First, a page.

17. Caranci, N., Biggeri, A., Grisotto, L., Pacelli, B., Spadea, T., & Costa, G. (2010). The Italian deprivation index at census block level: Definition, description and association with general mortality. Epidemiologia e Prevenzione, 34(4), 167–176.Google Scholar
  18. Carstairs, V., & Morris, R. (1991). Deprivation and health in Scotland. Aberdeen: Aberdeen University Press.Google Scholar
  19. Davey Smith, G., Whitley, E., Dorling, D., & Gunnel, D. (2001). Area based measures of social and economic circumstances: Cause specific mortality patterns depend on the choice of index. Journal of Epidemiology and Community Health, 55(2), 149–150.CrossRefGoogle Scholar
  20. De Muro, P., Mazziotta, M., & Pareto, A. (2007). Composite indices for multidimensional development and poverty: An application to MDG indicators. Wye City Group Meeting, Rome, Italy. http://www.fao.org/es/ess/rural/wye_city_group.
  21. Deaton, A., & Lubotsky, D. (2003). Mortality, inequality and race in American cities and states. Social Science and Medicine, 56(6), 1139–1153.CrossRefGoogle Scholar
  22. Exeter, D. J., Boyle, P. J., & Norman, P. (2011). Deprivation (im)mobility and cause-specific premature mortality in Scotland. Social Science and Medicine, 72(3), 389–397.CrossRefGoogle Scholar
  23. Exeter, D. J., Feng, Z., Flowerdew, R., & Boyle, P. J. (2005). Shrinking areas and mortality: An artefact of deprivation effects? Journal of Epidemiology and Community Health, 59(11), 924–926.CrossRefGoogle Scholar
  24. Forrest, R., & Gordon, D. (1993). People and places: A 1991 Census atlas of England. Bristol: University of Bristol, SAUS.Google Scholar
  25. Friedman, M. (1937). The use of ranks to avoid the assumption of normality implicit in the analysis of variance. Journal of the American Statistical Association, 32(200), 675–701.CrossRefGoogle Scholar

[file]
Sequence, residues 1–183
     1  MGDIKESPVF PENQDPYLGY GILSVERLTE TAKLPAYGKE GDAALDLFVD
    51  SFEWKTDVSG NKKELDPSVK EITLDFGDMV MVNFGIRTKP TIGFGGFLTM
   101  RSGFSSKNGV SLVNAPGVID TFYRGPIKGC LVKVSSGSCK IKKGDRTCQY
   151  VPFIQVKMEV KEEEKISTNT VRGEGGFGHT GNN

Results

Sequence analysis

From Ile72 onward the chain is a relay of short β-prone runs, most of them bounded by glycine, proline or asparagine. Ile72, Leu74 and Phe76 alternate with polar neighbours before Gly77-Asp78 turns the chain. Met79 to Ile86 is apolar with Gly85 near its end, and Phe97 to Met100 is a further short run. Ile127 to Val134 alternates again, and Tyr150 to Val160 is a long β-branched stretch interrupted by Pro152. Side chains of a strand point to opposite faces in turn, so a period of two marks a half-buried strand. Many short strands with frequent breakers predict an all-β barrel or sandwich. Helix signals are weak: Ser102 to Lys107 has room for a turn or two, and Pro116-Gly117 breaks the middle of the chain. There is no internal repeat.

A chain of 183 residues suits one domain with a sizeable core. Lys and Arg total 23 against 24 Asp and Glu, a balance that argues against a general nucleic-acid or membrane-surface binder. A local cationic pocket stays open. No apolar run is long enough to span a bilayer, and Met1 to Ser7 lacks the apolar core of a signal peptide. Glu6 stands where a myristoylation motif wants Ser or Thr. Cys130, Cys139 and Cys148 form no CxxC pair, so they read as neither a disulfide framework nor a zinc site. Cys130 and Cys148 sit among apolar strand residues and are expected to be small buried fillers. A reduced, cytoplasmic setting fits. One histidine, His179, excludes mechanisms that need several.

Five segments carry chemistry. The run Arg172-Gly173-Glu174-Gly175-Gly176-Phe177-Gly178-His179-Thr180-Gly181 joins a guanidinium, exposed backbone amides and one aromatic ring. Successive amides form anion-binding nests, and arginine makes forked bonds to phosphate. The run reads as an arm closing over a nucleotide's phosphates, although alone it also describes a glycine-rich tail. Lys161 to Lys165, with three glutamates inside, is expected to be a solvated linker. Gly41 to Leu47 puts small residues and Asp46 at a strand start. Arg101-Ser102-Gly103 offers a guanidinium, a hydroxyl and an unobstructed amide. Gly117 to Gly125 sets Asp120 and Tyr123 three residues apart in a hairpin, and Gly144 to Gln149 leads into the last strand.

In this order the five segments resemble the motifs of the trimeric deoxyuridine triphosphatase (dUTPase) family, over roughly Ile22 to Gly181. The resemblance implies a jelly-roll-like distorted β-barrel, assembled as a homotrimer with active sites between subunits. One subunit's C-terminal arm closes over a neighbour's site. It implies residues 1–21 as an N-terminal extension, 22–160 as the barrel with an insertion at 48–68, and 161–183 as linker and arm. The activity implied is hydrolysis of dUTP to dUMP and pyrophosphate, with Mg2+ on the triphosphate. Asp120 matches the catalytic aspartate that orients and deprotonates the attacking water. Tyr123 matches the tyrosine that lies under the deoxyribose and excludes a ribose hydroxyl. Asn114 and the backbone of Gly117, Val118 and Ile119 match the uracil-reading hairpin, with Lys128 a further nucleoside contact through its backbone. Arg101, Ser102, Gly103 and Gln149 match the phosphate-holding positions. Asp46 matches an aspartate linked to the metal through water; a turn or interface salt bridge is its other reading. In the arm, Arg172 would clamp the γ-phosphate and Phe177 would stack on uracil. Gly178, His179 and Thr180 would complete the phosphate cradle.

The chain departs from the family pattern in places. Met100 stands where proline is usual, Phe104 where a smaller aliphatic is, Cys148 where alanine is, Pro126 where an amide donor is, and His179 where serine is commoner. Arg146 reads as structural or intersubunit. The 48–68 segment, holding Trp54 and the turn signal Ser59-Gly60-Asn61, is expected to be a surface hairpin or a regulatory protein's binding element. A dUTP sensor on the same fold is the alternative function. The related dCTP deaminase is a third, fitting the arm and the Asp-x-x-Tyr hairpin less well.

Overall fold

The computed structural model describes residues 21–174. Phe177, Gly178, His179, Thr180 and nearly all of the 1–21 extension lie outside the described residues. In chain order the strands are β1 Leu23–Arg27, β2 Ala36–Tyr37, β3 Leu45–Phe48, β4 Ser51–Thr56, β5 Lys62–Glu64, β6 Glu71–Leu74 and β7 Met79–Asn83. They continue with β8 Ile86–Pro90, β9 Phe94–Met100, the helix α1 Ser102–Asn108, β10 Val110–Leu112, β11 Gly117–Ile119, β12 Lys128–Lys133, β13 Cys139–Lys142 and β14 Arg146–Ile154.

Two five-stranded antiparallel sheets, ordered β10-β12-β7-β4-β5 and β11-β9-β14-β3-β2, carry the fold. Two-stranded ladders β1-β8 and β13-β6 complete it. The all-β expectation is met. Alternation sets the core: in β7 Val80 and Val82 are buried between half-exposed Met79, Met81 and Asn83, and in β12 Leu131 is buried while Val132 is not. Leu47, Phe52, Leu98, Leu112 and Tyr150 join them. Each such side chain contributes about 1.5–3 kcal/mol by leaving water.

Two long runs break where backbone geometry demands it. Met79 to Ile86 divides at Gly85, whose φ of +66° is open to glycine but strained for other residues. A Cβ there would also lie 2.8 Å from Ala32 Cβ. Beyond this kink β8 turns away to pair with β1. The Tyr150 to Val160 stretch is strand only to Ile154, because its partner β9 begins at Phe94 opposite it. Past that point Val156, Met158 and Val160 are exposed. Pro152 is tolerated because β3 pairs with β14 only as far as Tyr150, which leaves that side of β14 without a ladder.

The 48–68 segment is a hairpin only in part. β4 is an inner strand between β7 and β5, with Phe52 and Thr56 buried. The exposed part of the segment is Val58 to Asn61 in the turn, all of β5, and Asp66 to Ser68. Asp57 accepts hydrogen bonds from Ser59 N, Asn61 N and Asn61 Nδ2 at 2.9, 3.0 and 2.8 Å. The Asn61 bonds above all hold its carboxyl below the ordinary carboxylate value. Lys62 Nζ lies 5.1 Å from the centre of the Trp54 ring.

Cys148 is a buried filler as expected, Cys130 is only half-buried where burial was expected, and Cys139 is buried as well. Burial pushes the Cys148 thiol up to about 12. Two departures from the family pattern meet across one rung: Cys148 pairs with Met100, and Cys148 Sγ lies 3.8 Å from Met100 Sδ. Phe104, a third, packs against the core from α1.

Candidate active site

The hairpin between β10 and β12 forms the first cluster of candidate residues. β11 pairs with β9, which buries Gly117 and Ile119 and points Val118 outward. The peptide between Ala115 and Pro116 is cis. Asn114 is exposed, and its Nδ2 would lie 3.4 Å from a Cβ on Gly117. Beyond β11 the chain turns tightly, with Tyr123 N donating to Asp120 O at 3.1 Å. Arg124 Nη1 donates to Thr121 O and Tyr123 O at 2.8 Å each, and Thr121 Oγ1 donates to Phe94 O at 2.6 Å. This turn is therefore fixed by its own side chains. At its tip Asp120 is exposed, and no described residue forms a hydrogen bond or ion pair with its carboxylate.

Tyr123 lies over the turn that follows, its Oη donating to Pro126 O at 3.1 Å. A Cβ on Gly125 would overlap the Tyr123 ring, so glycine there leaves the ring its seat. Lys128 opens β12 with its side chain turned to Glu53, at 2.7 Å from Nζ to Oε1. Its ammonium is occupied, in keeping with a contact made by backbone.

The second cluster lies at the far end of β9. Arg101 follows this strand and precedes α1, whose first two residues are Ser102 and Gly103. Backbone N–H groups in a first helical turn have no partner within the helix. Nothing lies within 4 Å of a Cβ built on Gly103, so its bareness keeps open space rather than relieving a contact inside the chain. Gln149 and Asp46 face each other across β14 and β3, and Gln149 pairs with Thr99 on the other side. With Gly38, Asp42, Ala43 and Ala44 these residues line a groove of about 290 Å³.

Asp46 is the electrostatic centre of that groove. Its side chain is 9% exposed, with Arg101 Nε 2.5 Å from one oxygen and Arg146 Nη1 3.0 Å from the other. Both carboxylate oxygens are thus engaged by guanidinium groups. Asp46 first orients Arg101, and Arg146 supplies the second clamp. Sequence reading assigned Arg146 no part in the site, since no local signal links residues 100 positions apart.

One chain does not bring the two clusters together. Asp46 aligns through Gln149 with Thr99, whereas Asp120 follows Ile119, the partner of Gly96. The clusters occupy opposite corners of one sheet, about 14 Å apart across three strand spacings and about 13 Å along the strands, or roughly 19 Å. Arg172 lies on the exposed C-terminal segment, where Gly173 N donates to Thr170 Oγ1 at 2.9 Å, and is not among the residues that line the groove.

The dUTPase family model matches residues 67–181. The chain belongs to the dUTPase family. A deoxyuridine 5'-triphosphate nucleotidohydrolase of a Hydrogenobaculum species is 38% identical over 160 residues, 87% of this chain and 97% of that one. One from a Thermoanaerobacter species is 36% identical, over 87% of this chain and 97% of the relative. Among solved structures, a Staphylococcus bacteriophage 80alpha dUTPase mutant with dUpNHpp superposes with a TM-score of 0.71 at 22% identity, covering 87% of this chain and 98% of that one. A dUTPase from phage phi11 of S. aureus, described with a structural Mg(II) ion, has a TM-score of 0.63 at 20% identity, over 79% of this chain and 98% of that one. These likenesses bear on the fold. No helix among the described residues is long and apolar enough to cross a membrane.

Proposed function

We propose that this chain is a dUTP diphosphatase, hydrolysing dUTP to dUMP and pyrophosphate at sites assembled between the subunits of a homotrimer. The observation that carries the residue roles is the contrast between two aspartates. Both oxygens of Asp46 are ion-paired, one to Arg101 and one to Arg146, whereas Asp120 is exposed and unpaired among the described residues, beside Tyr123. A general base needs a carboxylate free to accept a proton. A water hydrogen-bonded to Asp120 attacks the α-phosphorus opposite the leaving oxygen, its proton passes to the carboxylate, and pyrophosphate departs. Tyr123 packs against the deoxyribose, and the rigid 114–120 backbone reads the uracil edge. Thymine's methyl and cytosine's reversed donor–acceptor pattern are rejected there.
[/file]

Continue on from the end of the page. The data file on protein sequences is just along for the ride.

26. Gilthorpe, M. S., & Wilson, R. C. (2003). Rural/urban differences in the association between deprivation and healthcare utilisation. Social Science and Medicine, 57(11), 2055–2063.CrossRefGoogle Scholar
  27. Gotsens, M., Mari-Del’Olmo, M., Perez, K., et al. (2013). Socioeconomic inequalities in injury mortality in small areas of 15 European cities. Health & Place, 24, 165–177.CrossRefGoogle Scholar
  28. Gregory, I. N. (2002). The accuracy of areal interpolation techniques: Standardising 19th and 20th century census data to allow long-term comparisons. Computers, Environment and Urban Systems, 26(4), 293–314.CrossRefGoogle Scholar
  29. Hagedoorn, P., Vandenheede, H., Vanthomme, K., Willaert, D., & Gadeyne, S. (2016). A cohort study into head and neck cancer mortality in Belgium (2001–11): Are individual socioeconomic differences conditional on area deprivation? Oral Oncology, 61, 76–82.CrossRefGoogle Scholar